Ringworm: a common skin condition you can treat at home
A few weeks ago, I noticed a round, reddened area on my son’s leg. When I asked him what caused it, he told me he got it from falling off his bed. I found it difficult to believe he had fallen on something so perfectly round that it made a complete circle on his leg, and he couldn’t pinpoint anything in his room that caused the mark. (Three-year-olds aren’t the best source of medical information, as you might imagine). I accepted his explanation for a day or two, but when I gave it second look I realized that it wasn’t an injury at all but a ringworm infection.
Since this is such a common occurrence with kids, and sometimes even in adults (I had it myself a few years back), I thought I’d give you a few pointers about how to diagnose and treat this skin infection at home.
Here’s what you need to know:
What is ringworm?
The name itself is misleading; ringworm has nothing to do with worms of any kind, but it is a common fungal infection of the skin. Both athlete’s foot and jock itch are similar types of skin infections caused by a fungus.
Ringworm is easily recognizable because of the characteristic ring shaped-rash. A person with ringworm will often have a superficial circular area of redness that is a little bit raised from the surface of the skin, often appearing scaly. You’ll know it because it will also have an area inside that red ring that is neither red nor scaly. It is itchy and sometimes burns.
Kids often get the infection from puppies or kittens who have it or from playing in the dirt, and it can be passed from person to person either from direct skin-to-skin contact or contact with contaminated objects such as towels, clothing or bedding. Fungal infections tend to thrive in warm, moist environments.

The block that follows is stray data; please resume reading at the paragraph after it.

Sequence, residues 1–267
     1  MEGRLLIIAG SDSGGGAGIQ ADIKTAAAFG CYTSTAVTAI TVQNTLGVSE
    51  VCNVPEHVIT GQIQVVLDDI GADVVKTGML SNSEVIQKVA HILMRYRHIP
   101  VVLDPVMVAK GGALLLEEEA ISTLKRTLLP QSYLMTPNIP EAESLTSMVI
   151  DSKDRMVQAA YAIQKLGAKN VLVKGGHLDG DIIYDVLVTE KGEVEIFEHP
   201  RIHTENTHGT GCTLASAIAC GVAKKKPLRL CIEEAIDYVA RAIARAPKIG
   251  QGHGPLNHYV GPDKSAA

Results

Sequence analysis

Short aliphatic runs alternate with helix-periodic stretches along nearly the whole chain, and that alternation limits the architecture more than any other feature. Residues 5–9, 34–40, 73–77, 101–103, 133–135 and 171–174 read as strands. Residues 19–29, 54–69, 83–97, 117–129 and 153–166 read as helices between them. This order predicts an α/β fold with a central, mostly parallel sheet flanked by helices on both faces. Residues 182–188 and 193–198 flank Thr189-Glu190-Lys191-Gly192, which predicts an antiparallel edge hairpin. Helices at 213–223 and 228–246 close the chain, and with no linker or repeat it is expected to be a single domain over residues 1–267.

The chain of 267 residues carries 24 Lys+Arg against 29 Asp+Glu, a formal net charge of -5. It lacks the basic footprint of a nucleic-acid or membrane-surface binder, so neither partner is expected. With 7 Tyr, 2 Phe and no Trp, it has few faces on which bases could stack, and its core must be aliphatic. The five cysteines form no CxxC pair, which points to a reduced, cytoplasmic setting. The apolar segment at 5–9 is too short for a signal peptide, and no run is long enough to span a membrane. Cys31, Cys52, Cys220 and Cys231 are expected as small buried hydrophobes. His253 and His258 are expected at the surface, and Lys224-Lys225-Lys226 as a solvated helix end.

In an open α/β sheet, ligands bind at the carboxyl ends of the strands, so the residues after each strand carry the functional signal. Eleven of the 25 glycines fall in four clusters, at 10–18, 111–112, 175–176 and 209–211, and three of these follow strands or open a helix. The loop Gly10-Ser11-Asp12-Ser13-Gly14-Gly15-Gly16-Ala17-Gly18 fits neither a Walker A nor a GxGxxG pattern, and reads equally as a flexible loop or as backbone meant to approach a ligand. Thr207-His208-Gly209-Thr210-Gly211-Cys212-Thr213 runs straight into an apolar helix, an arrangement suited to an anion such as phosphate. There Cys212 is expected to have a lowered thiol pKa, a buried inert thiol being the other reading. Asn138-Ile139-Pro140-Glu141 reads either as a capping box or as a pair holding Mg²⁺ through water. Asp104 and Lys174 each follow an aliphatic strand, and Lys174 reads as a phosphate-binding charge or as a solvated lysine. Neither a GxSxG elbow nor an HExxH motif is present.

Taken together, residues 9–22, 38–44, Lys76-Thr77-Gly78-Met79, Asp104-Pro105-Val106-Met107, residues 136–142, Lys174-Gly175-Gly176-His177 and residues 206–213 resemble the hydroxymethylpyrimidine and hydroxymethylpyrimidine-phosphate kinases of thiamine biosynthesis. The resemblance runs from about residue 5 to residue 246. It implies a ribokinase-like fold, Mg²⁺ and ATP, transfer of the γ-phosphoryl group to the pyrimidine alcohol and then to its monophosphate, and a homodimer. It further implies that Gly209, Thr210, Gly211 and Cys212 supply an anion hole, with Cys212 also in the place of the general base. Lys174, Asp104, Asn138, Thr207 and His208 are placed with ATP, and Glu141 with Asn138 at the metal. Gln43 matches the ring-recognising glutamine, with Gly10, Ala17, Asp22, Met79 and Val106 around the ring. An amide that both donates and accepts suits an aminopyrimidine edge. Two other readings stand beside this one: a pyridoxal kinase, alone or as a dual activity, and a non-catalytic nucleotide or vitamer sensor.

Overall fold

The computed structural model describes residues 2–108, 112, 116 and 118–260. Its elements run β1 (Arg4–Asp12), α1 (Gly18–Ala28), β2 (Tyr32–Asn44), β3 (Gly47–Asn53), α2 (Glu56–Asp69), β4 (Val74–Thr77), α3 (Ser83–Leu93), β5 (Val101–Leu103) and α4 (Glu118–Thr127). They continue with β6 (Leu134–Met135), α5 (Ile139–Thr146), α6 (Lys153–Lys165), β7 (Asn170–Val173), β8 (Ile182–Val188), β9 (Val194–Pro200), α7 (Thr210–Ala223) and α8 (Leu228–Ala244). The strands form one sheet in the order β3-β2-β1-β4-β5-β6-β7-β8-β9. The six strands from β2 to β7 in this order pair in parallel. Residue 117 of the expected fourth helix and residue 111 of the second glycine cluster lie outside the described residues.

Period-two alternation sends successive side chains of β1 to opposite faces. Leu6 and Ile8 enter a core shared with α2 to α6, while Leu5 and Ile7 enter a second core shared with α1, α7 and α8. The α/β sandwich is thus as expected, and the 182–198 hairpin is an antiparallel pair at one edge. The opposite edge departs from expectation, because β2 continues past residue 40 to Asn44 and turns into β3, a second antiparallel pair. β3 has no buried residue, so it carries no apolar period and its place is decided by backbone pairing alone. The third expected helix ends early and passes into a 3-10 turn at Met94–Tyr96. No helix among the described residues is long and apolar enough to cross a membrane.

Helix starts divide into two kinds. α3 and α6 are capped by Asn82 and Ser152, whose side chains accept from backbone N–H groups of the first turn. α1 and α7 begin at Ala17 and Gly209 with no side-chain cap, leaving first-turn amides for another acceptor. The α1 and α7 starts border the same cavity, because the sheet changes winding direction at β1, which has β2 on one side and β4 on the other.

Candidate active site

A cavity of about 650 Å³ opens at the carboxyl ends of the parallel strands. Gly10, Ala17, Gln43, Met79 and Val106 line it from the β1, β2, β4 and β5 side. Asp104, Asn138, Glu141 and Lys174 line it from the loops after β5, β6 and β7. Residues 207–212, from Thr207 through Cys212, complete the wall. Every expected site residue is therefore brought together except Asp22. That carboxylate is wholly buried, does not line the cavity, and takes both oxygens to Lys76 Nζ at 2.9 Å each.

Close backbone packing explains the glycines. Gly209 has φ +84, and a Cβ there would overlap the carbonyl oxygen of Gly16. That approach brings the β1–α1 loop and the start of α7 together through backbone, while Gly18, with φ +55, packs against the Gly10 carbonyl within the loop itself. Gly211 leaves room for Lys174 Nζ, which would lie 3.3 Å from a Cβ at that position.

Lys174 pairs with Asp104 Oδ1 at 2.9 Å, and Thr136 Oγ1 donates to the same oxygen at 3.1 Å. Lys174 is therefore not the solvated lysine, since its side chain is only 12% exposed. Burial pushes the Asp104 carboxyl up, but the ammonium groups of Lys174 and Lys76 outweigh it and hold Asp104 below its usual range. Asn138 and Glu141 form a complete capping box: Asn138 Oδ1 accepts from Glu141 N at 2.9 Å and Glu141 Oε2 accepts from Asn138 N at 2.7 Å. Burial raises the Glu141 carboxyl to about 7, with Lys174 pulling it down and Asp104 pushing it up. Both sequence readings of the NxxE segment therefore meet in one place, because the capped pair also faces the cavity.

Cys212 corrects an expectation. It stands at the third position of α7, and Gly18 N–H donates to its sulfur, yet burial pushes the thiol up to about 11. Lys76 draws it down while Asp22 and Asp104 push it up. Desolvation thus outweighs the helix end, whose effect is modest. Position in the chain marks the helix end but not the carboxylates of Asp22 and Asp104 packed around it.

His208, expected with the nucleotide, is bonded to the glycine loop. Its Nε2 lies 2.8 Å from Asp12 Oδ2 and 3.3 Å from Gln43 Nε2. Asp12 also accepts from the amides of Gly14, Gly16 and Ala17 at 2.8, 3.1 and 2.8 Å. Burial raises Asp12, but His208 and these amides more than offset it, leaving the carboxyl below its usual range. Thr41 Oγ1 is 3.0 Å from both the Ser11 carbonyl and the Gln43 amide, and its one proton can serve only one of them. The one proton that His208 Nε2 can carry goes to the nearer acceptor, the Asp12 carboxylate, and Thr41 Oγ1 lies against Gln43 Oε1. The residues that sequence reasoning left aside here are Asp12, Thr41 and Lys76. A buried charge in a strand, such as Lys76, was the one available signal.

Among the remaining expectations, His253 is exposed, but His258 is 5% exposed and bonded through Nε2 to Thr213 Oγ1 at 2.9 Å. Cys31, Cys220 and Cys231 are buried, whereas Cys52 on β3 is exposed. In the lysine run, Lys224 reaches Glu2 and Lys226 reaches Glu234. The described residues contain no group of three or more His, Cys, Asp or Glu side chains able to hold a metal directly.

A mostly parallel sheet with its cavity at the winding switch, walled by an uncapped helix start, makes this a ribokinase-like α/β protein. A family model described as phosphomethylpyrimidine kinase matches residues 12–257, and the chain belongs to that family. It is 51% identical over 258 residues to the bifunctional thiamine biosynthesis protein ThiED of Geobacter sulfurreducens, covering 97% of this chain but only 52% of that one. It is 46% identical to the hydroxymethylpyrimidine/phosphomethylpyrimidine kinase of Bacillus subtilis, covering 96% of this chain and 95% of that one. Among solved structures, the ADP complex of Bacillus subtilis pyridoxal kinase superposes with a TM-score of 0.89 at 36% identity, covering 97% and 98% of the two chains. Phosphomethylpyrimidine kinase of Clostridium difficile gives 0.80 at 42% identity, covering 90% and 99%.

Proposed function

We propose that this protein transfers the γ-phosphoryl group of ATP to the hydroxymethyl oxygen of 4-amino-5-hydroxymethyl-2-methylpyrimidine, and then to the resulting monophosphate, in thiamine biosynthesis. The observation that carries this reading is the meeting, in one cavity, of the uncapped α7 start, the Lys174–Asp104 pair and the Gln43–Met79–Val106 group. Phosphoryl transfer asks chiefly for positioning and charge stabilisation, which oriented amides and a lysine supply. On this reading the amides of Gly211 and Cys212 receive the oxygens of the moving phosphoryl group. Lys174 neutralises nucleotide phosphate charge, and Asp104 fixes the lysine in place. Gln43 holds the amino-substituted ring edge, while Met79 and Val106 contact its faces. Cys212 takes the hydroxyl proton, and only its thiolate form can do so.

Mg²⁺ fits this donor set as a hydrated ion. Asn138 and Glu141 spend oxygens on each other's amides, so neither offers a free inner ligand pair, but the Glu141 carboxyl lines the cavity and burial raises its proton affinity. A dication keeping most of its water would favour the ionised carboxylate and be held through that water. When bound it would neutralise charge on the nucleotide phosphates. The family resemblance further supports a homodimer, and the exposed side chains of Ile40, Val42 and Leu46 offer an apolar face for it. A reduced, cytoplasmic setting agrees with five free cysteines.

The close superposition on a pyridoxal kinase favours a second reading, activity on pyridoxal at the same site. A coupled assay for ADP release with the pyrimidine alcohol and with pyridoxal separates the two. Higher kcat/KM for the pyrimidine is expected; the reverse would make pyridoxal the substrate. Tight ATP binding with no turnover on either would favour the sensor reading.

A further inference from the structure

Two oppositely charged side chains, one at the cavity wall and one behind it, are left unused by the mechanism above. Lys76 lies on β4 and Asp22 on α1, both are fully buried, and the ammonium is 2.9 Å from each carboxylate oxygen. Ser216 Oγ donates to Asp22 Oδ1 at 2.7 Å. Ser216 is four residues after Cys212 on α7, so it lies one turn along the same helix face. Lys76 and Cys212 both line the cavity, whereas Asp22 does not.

What to do if you think your child has a ringworm infection
Most of the time, ringworm infection can be easily treated at home with a cream or lotion you can buy from your local pharmacy. If your child has ringworm, you can buy an antifungal cream or lotion with one of the following active ingredients (check the medication label or ask your pharmacist):
You should use this cream every day on the affected area of skin and also on the skin just outside the affected area. Continue this for at least two weeks until the area has completely healed. Some physicians recommend continuing treatment with the cream up to seven days after the lesions are gone to prevent recurrence.
If your child has a large area of their body covered in ringworm, if he has a weakened immune system or if the rash has not improved after a week or two of over-the-counter treatment, you should see your pediatrician.
Helpful hints to keep in mind
- Remember that you have to be consistent in applying the topical medication every day for several weeks or else the infection will recur. Set a reminder on your phone if you think you’ll need help remembering.
- When applying the cream, be sure you use a cotton swab or tissue to apply, instead of touching the rash directly with your hands in order to avoid spreading it.
- Wash your hands thoroughly with soap and water after any contact with the affected area.
- Wash clothes, bedding and towels daily in order to avoid further contamination.
- After approximately 2 days of treatment, you’ll should see some improvement in the rash, and ringworm is no longer contagious.
- Since the infection is often transmitted to people from infected dogs or cats, it might be necessary to have your pet treated as well.
- Wash and disinfect areas that are frequented by the pets in your home.